European Union: The Recast European Insolvency Regulation: What Is Changing?

Last Updated: 12 June 2017
Article by James Forsyth
Most Read Contributor in UK, July 2017

The Recast European Insolvency Regulation (Recast EIR) applies to insolvencies commencing in the EU (but excluding Denmark) from 26 June 2017

Insolvency Practitioners will need to be familiar with the changes and the obligations imposed upon them by the Recast EIR.

What is changing?

There are five key areas of change from the Recast EIR's predecessor (Council Regulation (EC) 1346/2000 on Insolvency Proceedings):


The scope has been extended to include certain pre-insolvency rescue and restructuring proceedings.  UK schemes of arrangement, members' voluntary liquidations and receiverships continue to fall outside of the Recast EIR.

Centre of main interests (COMI)

The method for ascertaining a debtor's COMI has been codified within the Recast EIR.  It was previously set out in a number of key European Court of Justice judgments. 

The concept of COMI is central to cross border insolvency in the EU.  It determines the jurisdiction in which main insolvency proceedings can be commenced.  Rebuttable presumptions as to the location of a debtor's COMI are now set out in Article 3 of the Recast EIR. 

Insolvency Practitioners are obliged to examine whether or not COMI is in the jurisdiction in which they are appointed.  While the definition has not changed, the clarification and guidance given in the Recast EIR is helpful for practitioners taking appointments in EU member states. 

"Synthetic" or "virtual" secondary proceedings

Secondary proceedings are those opened in an EU member state where the debtor does not have their COMI but does have an economic presence known as an establishment. 

Secondary proceedings could originally only be opened if they were winding up proceedings.  The Recast EIR now expands the scope to include all rescue and pre-insolvency proceedings governed by the regulation.

Secondary proceedings are limited to the debtor's assets in the member state where they are opened.  They can cause difficulties for the office-holder in the main proceedings.  To avoid this, the office-holder may now give an undertaking to treat claims of foreign creditors in the same way as they would be treated in the local jurisdiction.  If the court which is being asked to open secondary proceedings considers that this undertaking adequately protects creditors, it may refuse to open secondary proceedings.

This is an approach that has been approved by the English courts for some time, and is now set out in Article 36 of the Recast EIR.

Multinational group insolvencies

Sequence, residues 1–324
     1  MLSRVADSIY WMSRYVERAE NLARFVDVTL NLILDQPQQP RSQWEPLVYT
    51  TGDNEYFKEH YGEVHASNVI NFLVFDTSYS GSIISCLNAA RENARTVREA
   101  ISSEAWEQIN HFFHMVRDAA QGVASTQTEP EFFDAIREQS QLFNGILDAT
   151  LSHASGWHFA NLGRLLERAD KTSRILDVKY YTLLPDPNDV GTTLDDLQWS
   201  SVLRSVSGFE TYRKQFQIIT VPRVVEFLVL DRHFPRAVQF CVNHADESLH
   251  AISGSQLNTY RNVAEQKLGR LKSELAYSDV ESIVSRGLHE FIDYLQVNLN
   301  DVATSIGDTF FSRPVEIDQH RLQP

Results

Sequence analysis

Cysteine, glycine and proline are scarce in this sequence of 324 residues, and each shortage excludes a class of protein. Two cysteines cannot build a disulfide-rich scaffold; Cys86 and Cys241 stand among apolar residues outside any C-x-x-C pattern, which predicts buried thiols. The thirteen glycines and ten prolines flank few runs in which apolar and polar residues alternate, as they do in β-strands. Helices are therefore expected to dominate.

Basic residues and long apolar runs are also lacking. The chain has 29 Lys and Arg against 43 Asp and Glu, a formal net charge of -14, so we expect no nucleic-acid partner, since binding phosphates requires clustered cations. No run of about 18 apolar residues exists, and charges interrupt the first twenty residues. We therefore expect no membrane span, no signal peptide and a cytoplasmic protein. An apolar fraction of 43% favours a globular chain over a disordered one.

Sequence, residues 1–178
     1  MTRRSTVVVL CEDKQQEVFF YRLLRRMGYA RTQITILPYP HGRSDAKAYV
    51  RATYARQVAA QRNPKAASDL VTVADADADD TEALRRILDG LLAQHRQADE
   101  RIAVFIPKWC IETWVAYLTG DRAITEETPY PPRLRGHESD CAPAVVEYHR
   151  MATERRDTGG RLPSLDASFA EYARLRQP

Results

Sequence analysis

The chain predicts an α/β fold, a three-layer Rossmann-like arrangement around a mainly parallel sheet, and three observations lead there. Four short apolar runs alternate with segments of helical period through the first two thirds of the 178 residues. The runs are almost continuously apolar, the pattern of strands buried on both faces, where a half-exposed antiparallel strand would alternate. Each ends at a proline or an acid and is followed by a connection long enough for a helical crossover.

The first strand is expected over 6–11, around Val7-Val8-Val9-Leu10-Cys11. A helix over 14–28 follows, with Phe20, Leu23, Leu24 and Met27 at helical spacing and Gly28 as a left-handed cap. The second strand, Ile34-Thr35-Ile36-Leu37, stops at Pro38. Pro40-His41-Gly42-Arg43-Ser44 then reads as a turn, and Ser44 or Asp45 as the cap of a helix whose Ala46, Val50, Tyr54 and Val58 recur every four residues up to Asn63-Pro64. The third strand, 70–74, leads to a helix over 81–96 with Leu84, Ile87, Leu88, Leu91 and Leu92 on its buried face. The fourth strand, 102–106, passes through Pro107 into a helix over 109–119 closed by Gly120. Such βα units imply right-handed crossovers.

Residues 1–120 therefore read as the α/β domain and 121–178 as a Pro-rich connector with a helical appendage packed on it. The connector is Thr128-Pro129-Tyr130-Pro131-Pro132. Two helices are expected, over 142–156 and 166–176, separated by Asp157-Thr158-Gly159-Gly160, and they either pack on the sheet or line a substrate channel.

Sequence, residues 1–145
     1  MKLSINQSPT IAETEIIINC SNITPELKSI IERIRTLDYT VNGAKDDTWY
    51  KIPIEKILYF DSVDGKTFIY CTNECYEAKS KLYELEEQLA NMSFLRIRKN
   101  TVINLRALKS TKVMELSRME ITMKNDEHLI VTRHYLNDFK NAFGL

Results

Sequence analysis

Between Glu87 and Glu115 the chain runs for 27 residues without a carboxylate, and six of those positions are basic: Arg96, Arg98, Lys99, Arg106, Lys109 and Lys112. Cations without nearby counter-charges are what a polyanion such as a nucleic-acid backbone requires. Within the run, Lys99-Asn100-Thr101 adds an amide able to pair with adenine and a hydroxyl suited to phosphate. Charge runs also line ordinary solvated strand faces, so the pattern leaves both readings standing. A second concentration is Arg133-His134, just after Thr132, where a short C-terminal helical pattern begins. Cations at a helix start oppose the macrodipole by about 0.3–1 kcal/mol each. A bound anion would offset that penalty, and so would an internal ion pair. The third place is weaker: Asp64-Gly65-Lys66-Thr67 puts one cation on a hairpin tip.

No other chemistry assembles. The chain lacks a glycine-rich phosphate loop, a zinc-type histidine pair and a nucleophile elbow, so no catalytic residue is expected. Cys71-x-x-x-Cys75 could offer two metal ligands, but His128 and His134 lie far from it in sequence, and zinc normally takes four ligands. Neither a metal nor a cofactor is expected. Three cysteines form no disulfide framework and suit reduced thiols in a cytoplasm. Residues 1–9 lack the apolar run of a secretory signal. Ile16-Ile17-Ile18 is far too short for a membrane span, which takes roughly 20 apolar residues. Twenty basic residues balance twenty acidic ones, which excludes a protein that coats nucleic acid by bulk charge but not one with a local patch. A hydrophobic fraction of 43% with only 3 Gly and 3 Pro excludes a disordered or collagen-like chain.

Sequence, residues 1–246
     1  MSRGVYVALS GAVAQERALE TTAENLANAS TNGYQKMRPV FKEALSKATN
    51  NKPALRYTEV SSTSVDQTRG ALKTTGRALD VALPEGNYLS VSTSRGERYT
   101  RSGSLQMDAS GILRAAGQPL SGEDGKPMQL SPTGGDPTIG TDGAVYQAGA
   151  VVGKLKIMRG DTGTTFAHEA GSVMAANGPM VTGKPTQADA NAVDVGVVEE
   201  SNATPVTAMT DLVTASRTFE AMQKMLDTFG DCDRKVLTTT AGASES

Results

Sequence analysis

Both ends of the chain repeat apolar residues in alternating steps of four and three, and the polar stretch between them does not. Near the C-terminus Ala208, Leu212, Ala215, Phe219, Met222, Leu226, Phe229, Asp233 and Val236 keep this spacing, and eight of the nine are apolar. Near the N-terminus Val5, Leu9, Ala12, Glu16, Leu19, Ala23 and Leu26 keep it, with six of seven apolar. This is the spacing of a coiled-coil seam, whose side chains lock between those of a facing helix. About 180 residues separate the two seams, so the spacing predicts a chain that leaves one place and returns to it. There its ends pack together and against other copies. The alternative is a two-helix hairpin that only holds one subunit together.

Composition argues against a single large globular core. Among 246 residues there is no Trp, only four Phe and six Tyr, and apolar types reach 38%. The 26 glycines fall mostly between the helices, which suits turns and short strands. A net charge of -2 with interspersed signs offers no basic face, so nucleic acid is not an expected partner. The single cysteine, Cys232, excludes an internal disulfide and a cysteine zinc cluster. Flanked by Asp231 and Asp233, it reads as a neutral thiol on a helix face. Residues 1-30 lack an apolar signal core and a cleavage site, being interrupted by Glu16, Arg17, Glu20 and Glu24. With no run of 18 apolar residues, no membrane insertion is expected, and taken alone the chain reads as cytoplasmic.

The Recast EIR introduces an entirely new framework for cooperation and coordination where insolvency proceedings relating to different members of a corporate group are opened in more than one member state.

Insolvency Practitioners appointed in these circumstances are under an obligation to communicate and cooperate with office-holders in other member states.  This obligation does not apply if there is any conflict of interest or with national rules.  The relevant courts are similarly obliged to communicate and cooperate with one another.

The Recast EIR now sets out a new voluntary process overseen by the courts for coordinating some elements of the proceedings.  This process is referred to as group coordination proceedings. 

Registers of insolvencies

All member states are required to establish and maintain electronically searchable registers of insolvency proceedings by 26 June 2018.  These must be linked and searchable centrally via the European e-justice Portal by 26 June 2019.

What does this mean for Insolvency Practitioners?

Many of the changes in the Recast EIR are a codification of existing case law and current practice.  In particular, Insolvency Practitioners will be reassured that the definition of COMI has not changed.  The expansion and clarification of the concept within the Recast EIR will provide welcome assistance when examining whether or not there is jurisdiction to open proceedings in any particular member state.

Office-holders appointed where another member of the corporate group is also subject to insolvency proceedings should consider in each case whether or not the new group coordination proceedings will help to progress the insolvencies.  While Insolvency Practitioners are under a duty to cooperate and communicate with other practitioners in these circumstances, this obligation will not apply if it is incompatible with local rules or would lead to a conflict of interest.

What about Brexit?

R3 has called on the UK government to ensure that the benefits of the original and Recast EIR are preserved in an equivalent treaty as part of the UK's exit from the EU.  Whether or not this will be achieved remains to be seen.  In the absence of such an agreement, Insolvency Practitioners seeking recognition of proceedings in Europe will be reliant on a combination of domestic law, the UNCITRAL Model Law (in those states where it has been incorporated) and, if negotiated, bilateral agreements.  

The content of this article is intended to provide a general guide to the subject matter. Specialist advice should be sought about your specific circumstances.

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